ABSTRACT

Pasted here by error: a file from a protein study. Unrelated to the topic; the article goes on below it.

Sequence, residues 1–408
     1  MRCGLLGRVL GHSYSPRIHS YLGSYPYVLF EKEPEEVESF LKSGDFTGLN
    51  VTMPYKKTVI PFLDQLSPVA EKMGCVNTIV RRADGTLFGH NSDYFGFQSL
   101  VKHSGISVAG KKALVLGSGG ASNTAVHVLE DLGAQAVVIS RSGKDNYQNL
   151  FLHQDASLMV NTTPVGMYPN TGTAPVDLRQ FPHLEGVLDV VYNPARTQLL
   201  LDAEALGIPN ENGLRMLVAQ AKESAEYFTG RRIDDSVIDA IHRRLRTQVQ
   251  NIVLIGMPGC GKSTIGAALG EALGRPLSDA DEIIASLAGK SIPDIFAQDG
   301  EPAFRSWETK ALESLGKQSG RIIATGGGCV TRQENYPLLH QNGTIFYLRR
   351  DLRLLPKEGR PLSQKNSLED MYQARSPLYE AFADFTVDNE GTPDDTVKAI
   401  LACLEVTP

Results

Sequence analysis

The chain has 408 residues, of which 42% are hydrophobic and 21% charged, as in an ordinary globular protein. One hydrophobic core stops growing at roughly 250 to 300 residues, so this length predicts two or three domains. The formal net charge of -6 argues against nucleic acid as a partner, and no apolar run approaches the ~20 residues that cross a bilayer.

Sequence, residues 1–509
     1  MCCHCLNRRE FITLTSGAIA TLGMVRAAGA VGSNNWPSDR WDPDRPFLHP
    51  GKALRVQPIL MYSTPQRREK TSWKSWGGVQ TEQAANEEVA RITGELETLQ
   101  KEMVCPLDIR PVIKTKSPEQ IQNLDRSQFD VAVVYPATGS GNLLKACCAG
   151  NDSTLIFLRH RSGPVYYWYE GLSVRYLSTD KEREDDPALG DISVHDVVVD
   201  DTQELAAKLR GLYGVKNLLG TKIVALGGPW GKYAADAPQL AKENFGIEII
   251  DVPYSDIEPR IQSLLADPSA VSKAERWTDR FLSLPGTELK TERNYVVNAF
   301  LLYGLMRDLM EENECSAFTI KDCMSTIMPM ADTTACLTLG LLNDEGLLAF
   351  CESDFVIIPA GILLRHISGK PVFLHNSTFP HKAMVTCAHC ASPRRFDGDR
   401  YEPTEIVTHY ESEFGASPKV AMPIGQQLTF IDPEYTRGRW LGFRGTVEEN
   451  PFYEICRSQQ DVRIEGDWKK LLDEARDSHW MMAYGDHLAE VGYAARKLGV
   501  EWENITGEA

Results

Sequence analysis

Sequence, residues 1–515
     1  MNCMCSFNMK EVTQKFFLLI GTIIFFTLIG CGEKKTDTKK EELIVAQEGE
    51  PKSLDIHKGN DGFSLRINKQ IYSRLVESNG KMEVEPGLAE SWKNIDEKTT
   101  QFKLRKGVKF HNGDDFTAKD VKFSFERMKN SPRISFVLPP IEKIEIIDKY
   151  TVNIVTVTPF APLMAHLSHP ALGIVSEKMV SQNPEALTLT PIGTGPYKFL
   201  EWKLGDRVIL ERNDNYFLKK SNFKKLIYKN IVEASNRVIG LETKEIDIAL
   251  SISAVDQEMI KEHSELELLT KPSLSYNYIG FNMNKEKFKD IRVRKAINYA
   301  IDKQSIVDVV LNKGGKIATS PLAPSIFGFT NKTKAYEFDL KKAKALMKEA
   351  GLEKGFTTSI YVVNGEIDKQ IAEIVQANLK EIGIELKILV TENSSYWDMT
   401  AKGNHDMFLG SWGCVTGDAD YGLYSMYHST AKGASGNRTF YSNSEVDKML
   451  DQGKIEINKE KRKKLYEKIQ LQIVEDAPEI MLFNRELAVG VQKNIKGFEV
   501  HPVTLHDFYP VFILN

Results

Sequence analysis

This book is about the construction of political space, boundaries, and what can be called post-Soviet geopolitics in Estonia. I set out to address the following questions. How is political space constructed in post-Soviet Estonia? How are symbolic and material, intrastate and interstate boundaries constructed in Estonia? How do these construction processes contribute to the whole big game of 'post-Soviet geopolitics', or, in other words, the bigger constellation of spatially and geographically dimensioned political relations between the Baltic states, Russia, and other agents with an interest in the Baltic region, that is, organisations such as the CE, CBSS, ED, OSeE, and NATO? Thus, the idea is to explore the case of Estonia in depth in order to open up insights into both theoretical puzzles and broader empirical developments in the post-Soviet space. To take a closer look at these issues, I suggest starting with a brief historical journey that will help the reader to understand Estonia's path to post-Soviet geopolitics.